The world’s first subsea separating system for oil, water and sand, created by a Dutch and Norwegian group, has been presented with this year’s EUREKA Lillehammer Award for its environmental benefits. The technology, which was developed by Dutch project leader CDS Engineering in cooperation with partners Statoil and FMC Technologies, can ensure a better use of increasingly scarce resources and improve the economics of offshore oil and gas production.
“Using this technology, you can exploit an oilfield much deeper – so, for instance, you can recover five to 10% more from the original reserves, an enormous advantage,” says Toine Hendriks, CDS Engineering’s senior process engineer. “It is also expected that this technology will facilitate new oil field developments in deeper and more remote areas, an advantage for the future as most of the easy accessible oil has already been produced,” he added.
In oil and gas production, the separation equipment splits the wellstream, which could comprise oil, gas, water and sand, into individual constituents. “By installing a full field subsea separation facility, Statoil expects to improve the Tordis field’s recovery factor from 49% to 55%,” explains Rune Mode Ramberg, Statoil’s subsea processing discipline adviser. Along with other upgrades to the field, the separation system will allow Statoil to extract roughly 35 million extra barrels of oil from the Tordis field. This is achieved by reducing the back pressure towards the Tordis field, separating water and sand from the wellstream subsea, re-injecting water and sand in a separate well subsea, boosting the wellstream and reducing the receiving pressure at the topside production platform.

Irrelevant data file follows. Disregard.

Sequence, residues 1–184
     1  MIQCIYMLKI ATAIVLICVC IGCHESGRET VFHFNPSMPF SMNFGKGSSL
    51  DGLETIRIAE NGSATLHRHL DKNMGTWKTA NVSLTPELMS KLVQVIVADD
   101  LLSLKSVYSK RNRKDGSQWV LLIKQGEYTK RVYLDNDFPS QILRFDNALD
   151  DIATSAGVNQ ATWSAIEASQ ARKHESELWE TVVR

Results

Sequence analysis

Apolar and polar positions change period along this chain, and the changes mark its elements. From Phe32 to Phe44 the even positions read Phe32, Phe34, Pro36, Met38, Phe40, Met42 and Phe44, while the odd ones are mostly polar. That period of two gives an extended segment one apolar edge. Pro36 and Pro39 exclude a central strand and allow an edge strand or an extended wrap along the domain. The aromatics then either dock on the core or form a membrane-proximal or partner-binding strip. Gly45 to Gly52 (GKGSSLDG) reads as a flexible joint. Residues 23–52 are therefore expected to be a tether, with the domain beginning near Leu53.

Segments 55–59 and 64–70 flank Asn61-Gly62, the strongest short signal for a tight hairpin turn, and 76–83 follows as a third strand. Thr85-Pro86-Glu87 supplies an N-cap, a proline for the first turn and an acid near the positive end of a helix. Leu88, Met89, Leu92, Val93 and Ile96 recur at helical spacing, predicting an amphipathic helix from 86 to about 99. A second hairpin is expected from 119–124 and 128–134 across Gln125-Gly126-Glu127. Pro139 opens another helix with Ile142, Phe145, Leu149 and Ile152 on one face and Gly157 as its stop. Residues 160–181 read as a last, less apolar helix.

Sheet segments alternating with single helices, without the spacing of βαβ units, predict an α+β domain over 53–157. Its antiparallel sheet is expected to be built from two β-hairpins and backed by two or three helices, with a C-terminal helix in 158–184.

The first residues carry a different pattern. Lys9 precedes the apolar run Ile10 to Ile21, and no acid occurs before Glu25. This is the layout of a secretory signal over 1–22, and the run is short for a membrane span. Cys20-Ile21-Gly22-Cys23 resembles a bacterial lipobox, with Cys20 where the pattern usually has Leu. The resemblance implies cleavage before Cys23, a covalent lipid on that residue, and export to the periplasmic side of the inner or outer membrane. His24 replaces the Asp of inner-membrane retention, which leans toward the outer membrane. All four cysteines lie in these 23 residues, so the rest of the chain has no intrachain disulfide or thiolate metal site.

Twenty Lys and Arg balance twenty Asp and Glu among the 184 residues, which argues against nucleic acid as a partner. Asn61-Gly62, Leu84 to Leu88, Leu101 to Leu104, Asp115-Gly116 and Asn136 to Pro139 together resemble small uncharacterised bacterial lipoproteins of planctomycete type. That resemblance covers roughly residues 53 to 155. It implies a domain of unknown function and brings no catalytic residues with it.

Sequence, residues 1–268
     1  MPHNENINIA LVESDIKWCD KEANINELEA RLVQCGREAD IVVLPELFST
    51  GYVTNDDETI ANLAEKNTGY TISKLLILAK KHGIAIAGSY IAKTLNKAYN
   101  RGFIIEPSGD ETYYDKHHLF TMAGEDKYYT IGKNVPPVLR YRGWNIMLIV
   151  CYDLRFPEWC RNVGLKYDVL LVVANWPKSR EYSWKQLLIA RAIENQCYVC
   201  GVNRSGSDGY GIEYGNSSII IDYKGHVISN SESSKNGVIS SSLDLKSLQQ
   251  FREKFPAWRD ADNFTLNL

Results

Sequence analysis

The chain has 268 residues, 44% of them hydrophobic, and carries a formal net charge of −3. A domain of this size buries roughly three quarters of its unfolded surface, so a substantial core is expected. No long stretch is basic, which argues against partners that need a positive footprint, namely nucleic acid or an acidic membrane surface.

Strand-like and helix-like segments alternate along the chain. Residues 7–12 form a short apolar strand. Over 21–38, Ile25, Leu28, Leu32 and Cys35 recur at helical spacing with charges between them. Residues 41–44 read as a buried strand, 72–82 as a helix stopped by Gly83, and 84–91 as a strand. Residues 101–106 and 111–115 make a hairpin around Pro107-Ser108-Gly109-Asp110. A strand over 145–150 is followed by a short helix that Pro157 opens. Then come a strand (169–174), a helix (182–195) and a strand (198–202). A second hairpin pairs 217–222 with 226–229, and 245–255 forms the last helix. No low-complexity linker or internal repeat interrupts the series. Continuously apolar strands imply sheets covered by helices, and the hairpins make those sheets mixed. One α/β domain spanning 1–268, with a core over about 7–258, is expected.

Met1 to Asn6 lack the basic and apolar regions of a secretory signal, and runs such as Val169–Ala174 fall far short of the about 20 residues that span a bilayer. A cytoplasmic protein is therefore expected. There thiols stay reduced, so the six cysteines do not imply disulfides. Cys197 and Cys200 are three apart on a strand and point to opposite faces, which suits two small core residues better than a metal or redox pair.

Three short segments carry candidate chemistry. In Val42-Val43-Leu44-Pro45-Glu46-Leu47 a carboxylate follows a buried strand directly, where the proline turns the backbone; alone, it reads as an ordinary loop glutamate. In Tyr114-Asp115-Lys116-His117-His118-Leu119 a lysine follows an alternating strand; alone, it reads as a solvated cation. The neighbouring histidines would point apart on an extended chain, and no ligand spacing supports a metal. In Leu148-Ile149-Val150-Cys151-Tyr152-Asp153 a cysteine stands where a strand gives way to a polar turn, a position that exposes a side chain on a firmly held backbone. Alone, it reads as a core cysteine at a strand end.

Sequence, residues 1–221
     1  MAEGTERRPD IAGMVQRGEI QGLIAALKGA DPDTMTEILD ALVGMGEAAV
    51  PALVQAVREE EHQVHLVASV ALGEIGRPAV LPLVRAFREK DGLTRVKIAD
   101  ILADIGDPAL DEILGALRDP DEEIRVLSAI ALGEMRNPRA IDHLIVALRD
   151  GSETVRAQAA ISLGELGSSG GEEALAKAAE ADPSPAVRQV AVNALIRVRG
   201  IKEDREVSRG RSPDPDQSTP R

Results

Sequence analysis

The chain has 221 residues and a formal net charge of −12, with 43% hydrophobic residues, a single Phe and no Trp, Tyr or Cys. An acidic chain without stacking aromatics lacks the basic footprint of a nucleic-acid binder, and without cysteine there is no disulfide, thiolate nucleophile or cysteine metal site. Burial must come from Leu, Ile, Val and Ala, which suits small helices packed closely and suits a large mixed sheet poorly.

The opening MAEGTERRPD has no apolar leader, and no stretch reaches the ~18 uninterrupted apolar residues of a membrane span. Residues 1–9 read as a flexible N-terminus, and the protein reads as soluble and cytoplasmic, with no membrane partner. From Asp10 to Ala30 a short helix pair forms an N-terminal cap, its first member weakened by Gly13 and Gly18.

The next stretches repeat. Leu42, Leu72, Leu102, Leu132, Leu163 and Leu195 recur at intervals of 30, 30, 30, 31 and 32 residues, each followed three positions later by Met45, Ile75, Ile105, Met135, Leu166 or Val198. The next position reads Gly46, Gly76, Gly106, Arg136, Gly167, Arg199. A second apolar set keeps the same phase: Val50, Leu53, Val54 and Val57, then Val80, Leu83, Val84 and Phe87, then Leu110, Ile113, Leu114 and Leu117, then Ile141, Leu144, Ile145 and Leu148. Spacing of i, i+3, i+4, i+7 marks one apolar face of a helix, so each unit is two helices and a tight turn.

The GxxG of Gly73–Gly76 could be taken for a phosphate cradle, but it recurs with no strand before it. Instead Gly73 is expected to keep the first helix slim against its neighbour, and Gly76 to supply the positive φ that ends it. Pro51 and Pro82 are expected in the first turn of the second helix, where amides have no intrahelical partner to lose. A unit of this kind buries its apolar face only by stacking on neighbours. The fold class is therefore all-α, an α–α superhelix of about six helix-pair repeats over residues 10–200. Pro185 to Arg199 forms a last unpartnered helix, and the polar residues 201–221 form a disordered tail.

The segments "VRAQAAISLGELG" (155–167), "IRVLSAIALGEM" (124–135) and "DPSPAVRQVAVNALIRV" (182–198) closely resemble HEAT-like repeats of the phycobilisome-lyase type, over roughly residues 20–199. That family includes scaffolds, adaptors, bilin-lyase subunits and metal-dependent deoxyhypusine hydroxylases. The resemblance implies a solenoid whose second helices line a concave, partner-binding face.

As well as this, less oil can be discharged into the sea – instead, up to 100,000 barrels of produced water with some residual small oil droplets will be re-injected into a separate subsea well. If these oil discharges could be avoided in more offshore oilfields, the benefits could be considerable, the company says.